The school takes great pride in telling the Airman’s heroic story. Parts of the wreckage are displayed in the school. Along with a plaque dedicated to the airmen who lost their lives that day.

These pieces include various parts of the aircraft that were found in the field. Part of the wing trim; Body trim; Carburettor; Parts of the undercarriage. These were found when the foundations were dug for the new school.

There is also a piece of a Beech tree that has grown through part of the aircraft’s instrument panel.

Recent memorial and Celebration of these heroes.

The school has recently planted a Beech tree where the original was destroyed by the crash. In memory of the Polish Airmen.

On Remembrance Day, November 2008, members of the school council attended a service around the tree to remember the sacrifice of these men.

A week later, the school presented a book about the schools involvement in the history of the crash to descendants of the flight crew. The students shown the members of the family their collection of wreckage parts, told stories of the men and shared information about the squadron and the aircraft that crashed.

In 2009 The school held an open morning inviting members of the public to share in the a morning of remembrance for the Polish Aircrew. Past pupils who witness the crash attending this special service. The Leicestershire Aero Club presented a flypast to the students and community. Members of the Polish Air Force and the RAF sent representatives to the service. Canadian and Indian Air Force Personnel also attended.

The school remembers all the men and women who lost their lives in all wars twice a year, but especially the six polish Airmen Every February 4th and November 11th.

A Lancaster Bomber also crashed in the fields where Thurnby Lodge now is. It crashed during a training exercise. Click here to read more.

All images from All Saints Church of England Primary School, Wigston.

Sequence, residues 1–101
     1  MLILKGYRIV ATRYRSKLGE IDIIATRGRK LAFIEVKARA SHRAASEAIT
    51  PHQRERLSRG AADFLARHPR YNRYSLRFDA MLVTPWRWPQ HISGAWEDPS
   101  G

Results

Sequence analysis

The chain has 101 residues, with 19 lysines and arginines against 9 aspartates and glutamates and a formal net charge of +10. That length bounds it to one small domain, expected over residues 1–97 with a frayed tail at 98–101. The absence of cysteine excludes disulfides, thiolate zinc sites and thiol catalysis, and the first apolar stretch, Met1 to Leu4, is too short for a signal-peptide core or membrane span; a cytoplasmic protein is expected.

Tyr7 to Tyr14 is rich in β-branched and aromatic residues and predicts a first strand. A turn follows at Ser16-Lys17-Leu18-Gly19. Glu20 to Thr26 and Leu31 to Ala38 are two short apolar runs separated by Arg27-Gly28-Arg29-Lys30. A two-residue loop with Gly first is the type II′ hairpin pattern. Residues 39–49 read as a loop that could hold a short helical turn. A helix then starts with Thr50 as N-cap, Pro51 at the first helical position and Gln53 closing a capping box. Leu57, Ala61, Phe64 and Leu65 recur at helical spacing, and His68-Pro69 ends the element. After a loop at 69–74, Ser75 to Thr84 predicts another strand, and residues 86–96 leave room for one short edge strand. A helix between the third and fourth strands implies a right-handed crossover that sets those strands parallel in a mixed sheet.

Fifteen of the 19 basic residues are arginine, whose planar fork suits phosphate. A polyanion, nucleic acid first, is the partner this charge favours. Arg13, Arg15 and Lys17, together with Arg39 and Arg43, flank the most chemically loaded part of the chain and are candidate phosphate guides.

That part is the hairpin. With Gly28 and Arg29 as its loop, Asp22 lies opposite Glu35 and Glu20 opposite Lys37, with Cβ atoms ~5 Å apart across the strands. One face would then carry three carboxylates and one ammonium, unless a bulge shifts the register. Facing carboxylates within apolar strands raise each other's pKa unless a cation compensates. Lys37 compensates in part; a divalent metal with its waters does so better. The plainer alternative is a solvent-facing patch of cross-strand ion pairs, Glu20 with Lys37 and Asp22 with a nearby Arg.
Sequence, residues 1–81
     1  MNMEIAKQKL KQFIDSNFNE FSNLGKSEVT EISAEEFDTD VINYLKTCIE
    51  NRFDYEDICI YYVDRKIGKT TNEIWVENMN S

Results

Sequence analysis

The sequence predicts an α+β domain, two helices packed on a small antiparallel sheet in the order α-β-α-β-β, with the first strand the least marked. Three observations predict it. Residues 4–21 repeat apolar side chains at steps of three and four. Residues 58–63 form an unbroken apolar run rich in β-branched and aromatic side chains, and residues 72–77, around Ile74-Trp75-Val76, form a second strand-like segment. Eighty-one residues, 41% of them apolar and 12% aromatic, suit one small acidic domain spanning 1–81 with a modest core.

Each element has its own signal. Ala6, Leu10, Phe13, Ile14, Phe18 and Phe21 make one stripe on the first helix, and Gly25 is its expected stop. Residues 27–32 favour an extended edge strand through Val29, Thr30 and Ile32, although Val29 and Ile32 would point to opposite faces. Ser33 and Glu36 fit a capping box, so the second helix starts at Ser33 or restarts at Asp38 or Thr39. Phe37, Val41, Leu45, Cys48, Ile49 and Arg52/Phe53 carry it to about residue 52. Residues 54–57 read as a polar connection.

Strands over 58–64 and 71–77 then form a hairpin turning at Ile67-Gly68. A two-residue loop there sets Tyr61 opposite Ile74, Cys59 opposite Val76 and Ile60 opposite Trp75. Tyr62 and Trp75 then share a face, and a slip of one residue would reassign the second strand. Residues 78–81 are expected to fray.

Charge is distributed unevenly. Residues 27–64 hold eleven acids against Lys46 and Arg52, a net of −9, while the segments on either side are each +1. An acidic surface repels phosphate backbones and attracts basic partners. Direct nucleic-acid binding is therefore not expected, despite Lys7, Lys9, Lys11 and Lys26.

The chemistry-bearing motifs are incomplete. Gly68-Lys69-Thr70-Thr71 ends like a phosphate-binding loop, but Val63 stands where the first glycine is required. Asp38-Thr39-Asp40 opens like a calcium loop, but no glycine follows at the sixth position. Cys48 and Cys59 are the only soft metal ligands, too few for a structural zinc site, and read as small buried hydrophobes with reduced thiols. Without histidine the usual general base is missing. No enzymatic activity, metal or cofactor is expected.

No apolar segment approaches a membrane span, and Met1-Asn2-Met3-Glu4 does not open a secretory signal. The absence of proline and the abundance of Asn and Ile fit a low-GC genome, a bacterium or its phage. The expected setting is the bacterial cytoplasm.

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Book Recommendations.

If you are interested in Post-War Leicester then we recommend the following book (Click on the images or links below)

Post-War Leicester

“In the thirty years following the end of the Second World War Leicester underwent some of the most dramatic changes in its history. Along with the rest of Britain it saw the austerity of the late 1940s and ’50s, the shortages and rationing, followed by the boom period of the ’60s, when full employment brought an interlude of prosperity. During these postwar decades sweeping changes were made to the physical structure of Leicester: areas of bomb damage and slum housing were cleared from the old city centre, and an intensive building programme in both the public and private sectors resulted in people moving out to new housing estates on the edges of the city. Ben Beazley vividly describes the story of everyday life in Leicester during this period. Illustrated with more than 120 photographs, maps and plans, Postwar Leicester will capture the imagination of anyone who knows the city today, and will rekindle memories for those who lived through the years of redevelopment and change.”

Thomas Kirkup is an engineer in the Royal Navy. Born and raised in Leicester he is fascinated by the city's long and varied history. He also hates to discus himself in the third person, but can be persuaded to do so from time to time.